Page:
While nine in 10 Americans will celebrate Christmas this year, a growing number will do so apart from the religious aspects.
Two recent surveys found that people are starting to view the holiday more as a cultural celebration, than a religious one.
How do Americans celebrate Christmas?
Pew Research found that 51 percent still celebrate Christmas as a religious occasion, with 32 percent saying December 25 is a cultural holiday for them.
However, the religious connotations decrease for younger Americans and, as a whole, people report participating in religious-themed activities less now than they did as a child.
At least 50 percent of adults in all age brackets, except those 18-29, say they celebrate Christmas as a religious holiday and plan to attend a Christmas service at church. Only 39 percent of young adults view Christmas as religious.
Americans now prefer that stores use neutral greetings like “Happy Holidays” instead of “Merry Christmas.”
Just under half (49 percent) agree that stores should use the more secular phrases out of respect of people of different faiths, while 43 percent disagreed.
The Public Religion Research Institute found that this is a virtual flip of the numbers from 2010 when 44 percent said businesses should greet their customers with “Seasons Greetings” and 49 percent disagreed.
PRRI’s study also supported Pew’s findings on the decline of Christmas as an exclusively religious holiday. While 41 percent celebrate it as a strongly religious holiday, 31 percent say it is somewhat religious and 26 percent view the day as a non-religious celebration.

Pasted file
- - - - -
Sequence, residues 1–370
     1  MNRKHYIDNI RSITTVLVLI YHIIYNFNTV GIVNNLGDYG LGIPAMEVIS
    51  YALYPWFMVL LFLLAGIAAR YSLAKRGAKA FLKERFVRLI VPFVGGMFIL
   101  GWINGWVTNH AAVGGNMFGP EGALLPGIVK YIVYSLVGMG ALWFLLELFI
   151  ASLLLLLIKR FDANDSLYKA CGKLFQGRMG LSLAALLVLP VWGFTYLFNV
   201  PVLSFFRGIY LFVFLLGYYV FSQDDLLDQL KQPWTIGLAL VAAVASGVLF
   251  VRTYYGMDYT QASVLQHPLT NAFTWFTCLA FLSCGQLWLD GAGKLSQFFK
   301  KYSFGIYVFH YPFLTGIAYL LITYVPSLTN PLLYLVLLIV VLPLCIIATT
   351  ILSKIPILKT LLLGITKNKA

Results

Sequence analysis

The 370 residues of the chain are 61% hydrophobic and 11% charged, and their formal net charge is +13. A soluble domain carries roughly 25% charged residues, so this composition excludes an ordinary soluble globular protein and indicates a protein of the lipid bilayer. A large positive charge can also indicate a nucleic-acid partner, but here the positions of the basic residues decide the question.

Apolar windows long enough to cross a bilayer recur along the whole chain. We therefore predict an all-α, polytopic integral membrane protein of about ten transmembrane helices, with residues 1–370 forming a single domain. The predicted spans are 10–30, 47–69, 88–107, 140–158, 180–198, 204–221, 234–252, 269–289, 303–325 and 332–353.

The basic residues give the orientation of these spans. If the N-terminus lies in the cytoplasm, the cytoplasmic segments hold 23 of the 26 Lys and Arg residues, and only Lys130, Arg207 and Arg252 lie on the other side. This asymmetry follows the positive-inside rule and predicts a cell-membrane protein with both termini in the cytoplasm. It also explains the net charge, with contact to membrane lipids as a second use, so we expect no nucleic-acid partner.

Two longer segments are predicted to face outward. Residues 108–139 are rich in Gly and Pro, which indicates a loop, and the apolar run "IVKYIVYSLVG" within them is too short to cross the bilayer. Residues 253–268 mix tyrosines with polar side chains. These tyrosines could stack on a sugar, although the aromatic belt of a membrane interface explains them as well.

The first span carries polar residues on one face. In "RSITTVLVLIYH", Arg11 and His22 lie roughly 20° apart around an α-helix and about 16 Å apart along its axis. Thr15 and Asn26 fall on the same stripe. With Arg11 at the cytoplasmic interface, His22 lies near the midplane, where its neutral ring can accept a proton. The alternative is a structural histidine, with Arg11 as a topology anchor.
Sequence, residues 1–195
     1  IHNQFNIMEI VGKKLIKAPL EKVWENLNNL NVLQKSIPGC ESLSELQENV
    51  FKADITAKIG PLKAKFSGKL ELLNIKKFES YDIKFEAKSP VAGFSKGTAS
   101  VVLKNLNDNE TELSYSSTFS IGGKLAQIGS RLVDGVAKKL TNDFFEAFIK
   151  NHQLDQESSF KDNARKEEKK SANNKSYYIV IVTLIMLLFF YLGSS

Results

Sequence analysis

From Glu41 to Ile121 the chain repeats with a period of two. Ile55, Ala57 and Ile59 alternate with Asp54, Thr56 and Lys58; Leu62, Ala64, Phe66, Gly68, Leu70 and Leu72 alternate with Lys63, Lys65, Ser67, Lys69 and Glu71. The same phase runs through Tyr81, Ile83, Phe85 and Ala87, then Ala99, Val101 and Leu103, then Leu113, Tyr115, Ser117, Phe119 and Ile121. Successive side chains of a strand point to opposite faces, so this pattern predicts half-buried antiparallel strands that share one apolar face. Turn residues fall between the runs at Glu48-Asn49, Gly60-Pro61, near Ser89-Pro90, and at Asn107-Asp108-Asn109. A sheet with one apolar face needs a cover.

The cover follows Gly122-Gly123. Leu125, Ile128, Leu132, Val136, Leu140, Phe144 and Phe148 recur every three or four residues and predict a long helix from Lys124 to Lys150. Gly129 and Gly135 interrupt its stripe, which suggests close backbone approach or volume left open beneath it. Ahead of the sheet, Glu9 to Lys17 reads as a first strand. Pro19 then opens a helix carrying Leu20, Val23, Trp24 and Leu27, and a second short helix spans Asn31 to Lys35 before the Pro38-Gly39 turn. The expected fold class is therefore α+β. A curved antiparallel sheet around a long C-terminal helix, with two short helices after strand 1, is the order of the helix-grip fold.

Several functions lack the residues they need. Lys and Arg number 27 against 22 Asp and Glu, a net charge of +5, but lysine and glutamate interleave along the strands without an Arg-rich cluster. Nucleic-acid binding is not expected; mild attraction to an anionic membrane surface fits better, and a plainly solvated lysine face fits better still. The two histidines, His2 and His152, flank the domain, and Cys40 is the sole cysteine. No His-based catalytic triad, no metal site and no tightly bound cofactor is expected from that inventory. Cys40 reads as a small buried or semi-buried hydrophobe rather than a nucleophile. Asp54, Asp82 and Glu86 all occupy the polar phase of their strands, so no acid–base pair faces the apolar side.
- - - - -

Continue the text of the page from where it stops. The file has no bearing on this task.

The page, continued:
Nearly six in 10 will attend a religious service, while only 36 percent will read the Christmas story from the Bible.
What do Americans believe about Christmas?
Pew found that roughly three quarters of adults (73 percent) believe that Jesus was born of a virgin. Less than one in five (19 percent) disagree.
Those most likely to believe in the virgin birth were white evangelical Protestants (97 percent), black Protestants (94 percent) and white Catholics (88 percent).
White mainline Protestants were the least likely religious group to accept the biblical account (70 percent), while only 32 percent of the religiously unaffiliated expressed belief in Jesus being born of a virgin.
Nearly half (49 percent) of Americans told PRRI that they believe the entire story of Christmas is historically accurate.
While four in 10 say the virgin birth, angelic proclamations, star of Bethlehem and visit from the wise men are merely part of a theological story to affirm faith in Jesus.
Younger adults are less likely to believe the scriptural story and belief has dropped 18 percentage points in the last decade.
In 2004, 67 percent of Americans said the story was historically accurate, with less than a quarter saying it was a theological story.
What can churches do during Christmas?
According to Lifeway Research, almost 90 percent of Americans believe that public schools should be able to perform religious-themed Christmas music.
Pew and PRRI both found that over 50 percent of the public planned on attending a Christmas service at church.
On a normal week, according to Pew, only 36 percent attend religious services.
This is consistent with a previous Lifeway Research study that found the unchurched are more likely to consider matters of faith this time of year.
What does your church have planned to capitalize on the additional openness during Christmas?